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Click me for a close-up!

 
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Posted by on January 15, 2014 in BOOKS

 

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63. ‘Working The Room,’ Geoff Dyer…

63. ‘Working The Room,’ Geoff Dyer…

Working The Room,’ Geoff Dyer

Once again breaking my ‘one author per blog entry until I have blogged on every single author in history’ rule, I am featuring Geoff Dyer for a second time after (briefly) reviewing his ‘Yoga For People Who Can’t Be yoga1Bothered Doing It’ back in entry 39. This was my fourth Dyer, (although technically my first, since I began it upon first moving to London back in February 2012, when it became my ‘bedside book,’ and, after a couple of chapters, sat by that bedside unread for most of last year). Since transplanting my London book collection back to my family home, the last few weeks before I left the UK for Guatemala was a chance for me to knock off these unfinished tomes, and I’m glad I did: this was the best Geoff so far.

Although let me qualify that: bits of this were the best Geoff so far, but as proven by the fact that the book sat so long unread by my bedside, the early sections were often hard going. This collection of essays, (which I appear to be partial to lately, enjoying Salman Rushdie, Martin Amis, and Jonathan Lethem in essay form over the previous few months, after hardly ever having dipped into them before), was divided into four thematic categories: ‘Visuals,’ ‘Verbals,’ ‘Variables’ and ‘Personals.’ Reading Dyer on obscure photographers and artists, (it’s possible they weren’t obscure: maybe I just don’t know enough photographers and artists!), had the effect of making me feel vaguely uncultured, but also convinced me that it’s often not that much fun reading about things you know almost nothing about.

Things picked up when he turned his critical skills on authors, (he was an Oxford English major, after all), drawn together from various articles and book introductions; but it is when he is free to write about himself, his life, and whatever he is thinking about in the final two, sadly shorter sections that his writing becomes electric, fascinating and, often, hilarious. (I was actually SOL’ing (Snorting Out Loud) in a coffee shop as I finished reading it).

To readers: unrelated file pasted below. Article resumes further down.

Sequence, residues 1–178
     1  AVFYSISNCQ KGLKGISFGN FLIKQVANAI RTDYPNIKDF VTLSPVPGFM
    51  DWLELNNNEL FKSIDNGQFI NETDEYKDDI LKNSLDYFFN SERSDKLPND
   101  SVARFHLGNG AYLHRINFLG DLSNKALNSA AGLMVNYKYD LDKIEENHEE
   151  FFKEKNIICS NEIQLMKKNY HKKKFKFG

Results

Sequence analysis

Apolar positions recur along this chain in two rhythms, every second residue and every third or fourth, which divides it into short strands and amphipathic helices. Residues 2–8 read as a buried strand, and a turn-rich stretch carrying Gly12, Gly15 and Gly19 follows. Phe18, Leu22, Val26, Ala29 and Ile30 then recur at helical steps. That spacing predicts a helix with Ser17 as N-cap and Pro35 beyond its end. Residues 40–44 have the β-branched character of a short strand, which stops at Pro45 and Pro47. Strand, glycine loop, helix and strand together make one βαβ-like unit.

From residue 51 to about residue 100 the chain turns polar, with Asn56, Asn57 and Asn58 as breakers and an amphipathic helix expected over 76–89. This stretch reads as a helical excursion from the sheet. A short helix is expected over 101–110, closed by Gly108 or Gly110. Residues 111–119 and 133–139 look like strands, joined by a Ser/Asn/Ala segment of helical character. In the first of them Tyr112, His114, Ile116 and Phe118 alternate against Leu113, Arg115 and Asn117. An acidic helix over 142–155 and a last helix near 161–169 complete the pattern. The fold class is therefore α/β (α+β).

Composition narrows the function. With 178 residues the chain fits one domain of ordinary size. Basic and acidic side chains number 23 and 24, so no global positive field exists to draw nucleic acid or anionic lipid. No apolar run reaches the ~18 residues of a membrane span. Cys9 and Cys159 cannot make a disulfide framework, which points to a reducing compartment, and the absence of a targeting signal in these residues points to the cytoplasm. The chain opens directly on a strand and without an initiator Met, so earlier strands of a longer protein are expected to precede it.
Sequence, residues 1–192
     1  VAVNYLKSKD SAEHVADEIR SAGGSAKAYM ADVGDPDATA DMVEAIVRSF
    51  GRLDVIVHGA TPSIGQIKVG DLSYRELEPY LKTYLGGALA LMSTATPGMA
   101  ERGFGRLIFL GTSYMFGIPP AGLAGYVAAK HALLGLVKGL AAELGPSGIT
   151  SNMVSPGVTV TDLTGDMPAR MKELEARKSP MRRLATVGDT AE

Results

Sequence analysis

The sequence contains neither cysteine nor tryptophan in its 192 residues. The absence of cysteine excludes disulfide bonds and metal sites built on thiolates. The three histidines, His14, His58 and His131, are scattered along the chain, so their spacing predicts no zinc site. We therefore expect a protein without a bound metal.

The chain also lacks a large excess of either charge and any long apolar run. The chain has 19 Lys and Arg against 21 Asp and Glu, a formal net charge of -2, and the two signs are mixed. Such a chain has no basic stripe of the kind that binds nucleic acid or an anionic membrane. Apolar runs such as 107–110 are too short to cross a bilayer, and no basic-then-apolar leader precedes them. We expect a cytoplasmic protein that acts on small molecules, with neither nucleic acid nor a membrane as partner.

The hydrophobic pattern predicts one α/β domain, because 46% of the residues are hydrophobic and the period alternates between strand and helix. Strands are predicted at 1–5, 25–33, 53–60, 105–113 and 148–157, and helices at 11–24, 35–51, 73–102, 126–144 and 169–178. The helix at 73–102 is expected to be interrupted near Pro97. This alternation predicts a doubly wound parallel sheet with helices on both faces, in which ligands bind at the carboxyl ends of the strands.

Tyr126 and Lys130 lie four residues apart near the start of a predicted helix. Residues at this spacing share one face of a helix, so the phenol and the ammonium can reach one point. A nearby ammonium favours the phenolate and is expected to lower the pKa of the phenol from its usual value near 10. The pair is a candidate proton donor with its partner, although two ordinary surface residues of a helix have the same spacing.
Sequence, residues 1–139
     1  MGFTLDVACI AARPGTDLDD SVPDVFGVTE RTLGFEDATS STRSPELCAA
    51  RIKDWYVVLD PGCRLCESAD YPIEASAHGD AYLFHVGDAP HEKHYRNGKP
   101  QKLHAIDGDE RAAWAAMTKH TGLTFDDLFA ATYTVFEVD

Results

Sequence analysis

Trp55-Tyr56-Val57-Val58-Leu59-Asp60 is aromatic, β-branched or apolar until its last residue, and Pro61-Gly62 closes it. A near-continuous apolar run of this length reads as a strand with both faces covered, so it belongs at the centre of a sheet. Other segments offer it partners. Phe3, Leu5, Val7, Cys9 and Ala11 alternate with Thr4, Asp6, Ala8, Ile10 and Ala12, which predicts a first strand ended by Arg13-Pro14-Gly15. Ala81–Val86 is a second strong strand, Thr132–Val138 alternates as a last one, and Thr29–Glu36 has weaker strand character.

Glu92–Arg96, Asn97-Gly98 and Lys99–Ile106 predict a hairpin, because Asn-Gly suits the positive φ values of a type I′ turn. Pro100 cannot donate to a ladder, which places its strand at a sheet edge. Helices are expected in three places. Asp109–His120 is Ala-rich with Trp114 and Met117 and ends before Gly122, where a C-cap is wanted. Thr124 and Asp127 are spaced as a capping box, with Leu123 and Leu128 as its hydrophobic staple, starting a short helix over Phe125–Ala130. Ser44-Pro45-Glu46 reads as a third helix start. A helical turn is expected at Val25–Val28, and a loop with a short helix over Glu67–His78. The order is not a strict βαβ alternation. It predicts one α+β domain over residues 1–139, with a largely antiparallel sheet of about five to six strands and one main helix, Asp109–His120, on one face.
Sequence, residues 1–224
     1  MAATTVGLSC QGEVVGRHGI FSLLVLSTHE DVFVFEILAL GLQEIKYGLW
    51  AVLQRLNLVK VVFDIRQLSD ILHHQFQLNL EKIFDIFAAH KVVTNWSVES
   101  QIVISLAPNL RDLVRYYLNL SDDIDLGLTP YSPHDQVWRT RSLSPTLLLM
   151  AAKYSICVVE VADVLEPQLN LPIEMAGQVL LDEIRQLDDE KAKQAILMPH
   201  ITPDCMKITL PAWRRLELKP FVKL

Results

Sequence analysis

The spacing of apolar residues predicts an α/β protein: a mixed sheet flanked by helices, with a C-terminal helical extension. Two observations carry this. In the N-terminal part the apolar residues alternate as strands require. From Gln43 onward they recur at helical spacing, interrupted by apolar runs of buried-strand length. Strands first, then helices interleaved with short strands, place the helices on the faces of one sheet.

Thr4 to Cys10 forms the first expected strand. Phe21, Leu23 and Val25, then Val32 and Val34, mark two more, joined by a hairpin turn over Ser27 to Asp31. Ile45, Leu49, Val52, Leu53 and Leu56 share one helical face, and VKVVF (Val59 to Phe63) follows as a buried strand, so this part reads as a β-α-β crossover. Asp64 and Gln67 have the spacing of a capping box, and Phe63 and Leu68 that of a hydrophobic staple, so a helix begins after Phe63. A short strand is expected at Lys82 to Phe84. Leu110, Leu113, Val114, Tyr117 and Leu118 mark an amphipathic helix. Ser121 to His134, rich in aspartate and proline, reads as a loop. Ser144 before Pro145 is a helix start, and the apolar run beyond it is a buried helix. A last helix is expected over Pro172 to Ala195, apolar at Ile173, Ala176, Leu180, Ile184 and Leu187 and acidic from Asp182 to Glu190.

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Perhaps this is because I identify with Dyer in a freakish amount of ways: from his quirks, (a phobia of responsibility and settling down and having children and sitting still), to his basic biography, (cruising through his Oxford degree, writing as a way not to have a real job, regularly ripping ankle tendons playing sports, enjoying collecting things, finding free time simultaneously the best thing in life and something to be filled, a vague obsession with the Burning Man festival, a belief in the importance of pastries, a love of Ryszard Kapuściński, having lived in France, Italy, London, etc). Not to mention his writing style: writing about anything he cares about, whether he knows anything much about it or not, and making his writing as much about his connection to the subject as the subject itself, (an example of a typical Dyer self-introduction coming in his essay on Rodin: “To be strictly accurate, it is not just the poem itself but the way I encountered it that makes it so pertinent…”)